Senate to hold hearing on DC statehood bill
A Senate committee next week will hold a hearing for legislation to make Washington, D.C., the country’s 51st state, Washington Del. Eleanor Holmes Norton (D) announced Tuesday.
“The Senate hearing shows that momentum continues to build for our D.C. statehood bill,” the longtime D.C. House delegate said in a statement, noting that this is only the second time the upper chamber has held a hearing on the issue.
“D.C. statehood now has 54 percent support nationwide, according to the most recent detailed poll, and I expect that support to grow even more after the Senate hearing, as it has after the House hearings,” Norton said.
The hearing will be conducted by the Senate Homeland Security and Governmental Affairs Committee on Tuesday.
Norton is the city’s lone representation in the legislative body, and while she can sit on House committees, she can’t participate in floor votes.
The bill is backed by President Biden and it has been approved by the House, most recently in April.
Republicans oppose making D.C. a state and see the effort as a power grab on the part of Democrats, who would almost certainly gain two Democratic senators given the District’s political leanings.
Proponents of statehood have long argued it is racist for the city, which has historically been majority Black, to not be a state and to have no voting representation in Congress. D.C.’s population is now just under 50 percent Black and it is majority minority overall.
Without bipartisan support, the bill can’t clear the 60-vote threshold of the Senate filibuster, a problem many of Democrats’ legislative priorities face. Moreover, moderate Democratic Sens. Joe Manchin (W.Va.) and Kyrsten Sinema (Ariz.) are firmly against getting rid of the procedural rule.
And Manchin has said that he doesn’t support the bill, arguing that a constitutional amendment is needed to make D.C. a state.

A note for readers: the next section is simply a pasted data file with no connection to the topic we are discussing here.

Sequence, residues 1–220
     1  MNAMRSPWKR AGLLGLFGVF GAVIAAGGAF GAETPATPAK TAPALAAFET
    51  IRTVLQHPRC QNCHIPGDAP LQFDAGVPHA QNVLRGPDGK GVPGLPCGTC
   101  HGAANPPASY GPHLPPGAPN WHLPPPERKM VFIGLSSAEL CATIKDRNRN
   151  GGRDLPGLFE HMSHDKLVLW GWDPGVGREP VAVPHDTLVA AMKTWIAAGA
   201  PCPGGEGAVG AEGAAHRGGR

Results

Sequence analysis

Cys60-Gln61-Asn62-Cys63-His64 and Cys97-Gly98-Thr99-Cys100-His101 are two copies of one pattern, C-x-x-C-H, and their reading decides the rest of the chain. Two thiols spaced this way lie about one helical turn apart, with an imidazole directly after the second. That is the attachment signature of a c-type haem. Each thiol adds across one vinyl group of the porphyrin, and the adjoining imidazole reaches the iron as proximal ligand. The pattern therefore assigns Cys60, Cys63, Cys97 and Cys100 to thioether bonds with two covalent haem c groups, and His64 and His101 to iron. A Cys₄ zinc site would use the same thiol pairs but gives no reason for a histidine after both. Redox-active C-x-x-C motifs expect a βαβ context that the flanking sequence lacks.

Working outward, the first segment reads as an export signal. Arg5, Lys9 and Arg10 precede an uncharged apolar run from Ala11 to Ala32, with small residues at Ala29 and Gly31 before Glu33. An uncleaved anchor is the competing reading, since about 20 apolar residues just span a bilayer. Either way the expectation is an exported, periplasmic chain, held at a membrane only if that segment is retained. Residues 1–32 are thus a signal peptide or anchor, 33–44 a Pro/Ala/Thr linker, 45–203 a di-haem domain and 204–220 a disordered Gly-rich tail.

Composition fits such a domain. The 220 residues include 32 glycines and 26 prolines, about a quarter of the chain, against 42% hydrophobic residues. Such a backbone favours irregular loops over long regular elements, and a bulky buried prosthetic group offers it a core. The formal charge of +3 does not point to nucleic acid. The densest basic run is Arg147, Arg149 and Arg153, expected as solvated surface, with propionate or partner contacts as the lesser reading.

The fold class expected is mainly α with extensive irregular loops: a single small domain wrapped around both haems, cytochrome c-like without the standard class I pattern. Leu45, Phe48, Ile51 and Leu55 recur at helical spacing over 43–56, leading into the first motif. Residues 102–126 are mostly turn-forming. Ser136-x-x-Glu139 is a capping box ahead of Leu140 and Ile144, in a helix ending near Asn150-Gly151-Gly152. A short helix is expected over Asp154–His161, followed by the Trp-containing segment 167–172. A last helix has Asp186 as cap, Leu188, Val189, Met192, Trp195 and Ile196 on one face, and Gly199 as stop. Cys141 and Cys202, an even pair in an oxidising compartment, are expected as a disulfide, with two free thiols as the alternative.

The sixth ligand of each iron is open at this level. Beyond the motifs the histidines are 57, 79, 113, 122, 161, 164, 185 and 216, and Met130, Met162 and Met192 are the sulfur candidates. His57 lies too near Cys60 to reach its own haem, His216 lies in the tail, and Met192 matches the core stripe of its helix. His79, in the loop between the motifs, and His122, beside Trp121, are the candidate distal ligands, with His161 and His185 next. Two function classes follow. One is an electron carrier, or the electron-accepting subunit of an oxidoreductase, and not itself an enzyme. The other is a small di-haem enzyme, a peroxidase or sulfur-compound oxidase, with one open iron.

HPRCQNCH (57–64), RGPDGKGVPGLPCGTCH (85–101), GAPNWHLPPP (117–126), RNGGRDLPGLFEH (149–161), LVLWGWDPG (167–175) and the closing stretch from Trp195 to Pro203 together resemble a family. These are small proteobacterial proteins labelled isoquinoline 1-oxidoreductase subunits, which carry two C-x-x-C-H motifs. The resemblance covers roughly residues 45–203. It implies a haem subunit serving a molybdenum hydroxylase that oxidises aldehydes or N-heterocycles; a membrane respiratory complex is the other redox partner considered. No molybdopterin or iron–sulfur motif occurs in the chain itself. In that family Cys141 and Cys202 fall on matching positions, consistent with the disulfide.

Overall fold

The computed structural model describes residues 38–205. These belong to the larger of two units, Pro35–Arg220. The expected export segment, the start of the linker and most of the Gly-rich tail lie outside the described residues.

H.R. 51 takes a different approach to making the nation’s capital a state. The capital wouldn’t cease to exist, but rather be shrunk to include the National Mall, monuments, White House and other federal buildings. The rest of the city would become the new state. The few people residing inside the new federal capital would be able to vote in the state where they previously lived.
H.R. 51 also includes a provision that would fast-track the repeal of the 23rd Amendment, which currently gives D.C. electoral votes in presidential elections.
Support for D.C. statehood grew last year, in part because the District’s shortcomings as a hybrid city-state have captured the nation’s attention multiple times within the past year.
People across the country became aware of the District’s inability to control its own National Guard last summer amid protests over the police murder of George Floyd; D.C.’s National Guard is under federal, rather than local, control.
The technicality surfaced again during the Jan. 6 Capitol riot, when the National Guard was delayed in aiding Capitol Police.
Additionally, Norton and other D.C. statehood proponents have publicized the fact that the city pays more federal taxes per capita than any state in the country and more than 20 states overall. With a population of roughly 700,000, D.C. is more populous than Vermont and Wyoming and comparable to a couple other states.